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Old 12-17-2016, 04:58 PM   #1
AdultFoundry
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Unusual fast growth of the root partition


I have a / partition of about 20GB in size and I've been using it for close to 12 months now. I did not have any problems and since yesterday it looks like it grows 1GB in size per 24 hours, which is an unusual thing. This part of the disk got full day before yesterday, I thought it just run out of space with time, so I deleted some files and more than 1GB was free. I had to do the same thing the next day (free up some space) and as I am getting towards the end of the day, only around 100MB are free, so close to 1GB of space has already filled up and this is very strange.

I figured out that the problem is large /var/lib/mysql/ibdata1 and I think that this is in fact what is growing too. It looks like somebody may be increasing it from an outside with a deliberate attack, but I am not sure. The system is secure and it is very very unlikely that somebody would be attacking me as I dont have very well known sites.
The space is running out though and I am not sure what this may be.

Is there any good way of finding out what this may be? I've already done the disk space checking part (files and directories, I have the list of the biggest ones from about three hours ago) but maybe this is something else?

Thanks.
 
Old 12-17-2016, 05:05 PM   #2
TheEzekielProject
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Have a look at this Basically, that ibdata1 doesn't ever get cleaned is a known thing for Mysql. Simply Do a mysqldump of all databases, procedures, triggers etc except the mysql and performance_schema databases Drop all databases except the above 2 databases Stop mysql Delete ibdata1 and ib_log files Start mysql Restore from dump

Last edited by TheEzekielProject; 12-17-2016 at 05:07 PM.
 
Old 12-18-2016, 02:30 AM   #3
AdultFoundry
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Like I said I've been using this hosting / system for close to 12 months and I've never had any issues like that. I freed up around 1.1GB of disk space on the root partition and when I checked it now this is already occupied. So basically the root partition is running out of 1.1GB of space per 24 hours and this is very strange. I was not making any changes to any of the databases, as I was working on fixing this, so there is no reason for a database file to grow (the ibdata1) and especially for 1.1GB in less than a day time.

The /var/lib/mysql/ibdata1 was 13GB yesterday, when I started working on this, and it is now 14GB. There is no regular reason for a database to grow as my websites are slow and I have not been working on the sites. A growth of 10MB would be a very strange thing, I would say.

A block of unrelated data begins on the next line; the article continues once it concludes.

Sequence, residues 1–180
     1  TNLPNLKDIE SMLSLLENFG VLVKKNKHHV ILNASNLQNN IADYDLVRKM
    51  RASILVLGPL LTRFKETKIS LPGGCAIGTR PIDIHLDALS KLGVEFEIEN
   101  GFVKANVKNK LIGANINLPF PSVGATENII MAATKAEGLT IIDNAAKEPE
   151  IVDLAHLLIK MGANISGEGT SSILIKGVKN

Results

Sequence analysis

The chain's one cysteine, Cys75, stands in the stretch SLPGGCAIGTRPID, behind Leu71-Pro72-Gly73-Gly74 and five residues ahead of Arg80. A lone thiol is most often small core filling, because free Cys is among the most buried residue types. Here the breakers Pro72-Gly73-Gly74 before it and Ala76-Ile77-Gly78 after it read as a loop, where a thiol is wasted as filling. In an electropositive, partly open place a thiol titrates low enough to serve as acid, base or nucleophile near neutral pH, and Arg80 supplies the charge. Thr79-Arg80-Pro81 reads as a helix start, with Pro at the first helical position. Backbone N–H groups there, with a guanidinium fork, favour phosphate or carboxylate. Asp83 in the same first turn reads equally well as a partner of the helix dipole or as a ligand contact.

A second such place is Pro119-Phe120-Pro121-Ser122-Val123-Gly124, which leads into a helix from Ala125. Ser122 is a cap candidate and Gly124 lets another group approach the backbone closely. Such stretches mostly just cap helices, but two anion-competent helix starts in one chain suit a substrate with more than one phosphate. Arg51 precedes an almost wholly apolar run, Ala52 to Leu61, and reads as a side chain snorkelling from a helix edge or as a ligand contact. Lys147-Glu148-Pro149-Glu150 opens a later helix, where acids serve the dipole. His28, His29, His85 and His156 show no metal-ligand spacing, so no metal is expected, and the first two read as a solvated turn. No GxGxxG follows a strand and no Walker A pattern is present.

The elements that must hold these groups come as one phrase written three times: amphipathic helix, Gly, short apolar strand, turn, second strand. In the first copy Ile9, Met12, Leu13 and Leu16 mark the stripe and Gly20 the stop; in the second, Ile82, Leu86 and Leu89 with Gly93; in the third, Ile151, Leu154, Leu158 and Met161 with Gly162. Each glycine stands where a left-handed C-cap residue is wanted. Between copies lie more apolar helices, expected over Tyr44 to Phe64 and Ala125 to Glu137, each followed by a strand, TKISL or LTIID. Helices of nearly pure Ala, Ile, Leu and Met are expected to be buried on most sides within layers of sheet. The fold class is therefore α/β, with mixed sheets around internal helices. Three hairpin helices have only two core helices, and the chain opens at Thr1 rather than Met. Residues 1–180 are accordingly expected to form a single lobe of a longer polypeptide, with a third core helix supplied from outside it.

Last edited by AdultFoundry; 12-18-2016 at 02:34 AM.
 
Old 12-18-2016, 11:58 AM   #4
AdultFoundry
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Is it possible that entries like these in /etc/my.cnf may be causing this:

[mysql]
max_allowed_packet=100M
[mysqld]
max_allowed_packet=100M

These are not the default settings and I had to increase the default limit as I was not able to import one of the databases that I had with no errors (vBulletin database, and this program was storing image files in the database)?

Overall my /etc/my.cnf looks like this. Are there any problematic things in there, or probably not?

#My mod
[mysql]
max_allowed_packet=100M
[mysqld]
datadir=/var/lib/mysql
socket=/var/lib/mysql/mysql.sock
#My mod
max_allowed_packet=100M
log_error=/var/log/mariadb/mariadb_error.log
slow_query_log_file = /var/log/mariadb/mariadb_slow.log
long_query_time = 2
log_queries_not_using_indexes = 1
# Disabling symbolic-links is recommended to prevent assorted security risks
symbolic-links=0
# Settings user and group are ignored when systemd is used.
# If you need to run mysqld under a different user or group,
# customize your systemd unit file for mariadb according to the
# instructions in http://fedoraproject.org/wiki/Systemd

[mysqld_safe]
#Line below was log-error=/var/log/mariadb/mariadb.log
log-error=/var/log/mariadb/mariadb_error.log
pid-file=/var/run/mariadb/mariadb.pid
#
# include all files from the config directory
#
!includedir /etc/my.cnf.d
 
Old 12-18-2016, 03:28 PM   #5
AdultFoundry
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/var/lib/mysql/ibdata1 grows more than 1GB per 24hours since three days. This is the day three now. Does this sound like a usual thing?
 
Old 12-18-2016, 04:25 PM   #6
astrogeek
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Here is a rather complete discussion of the problem, with suggested solutions.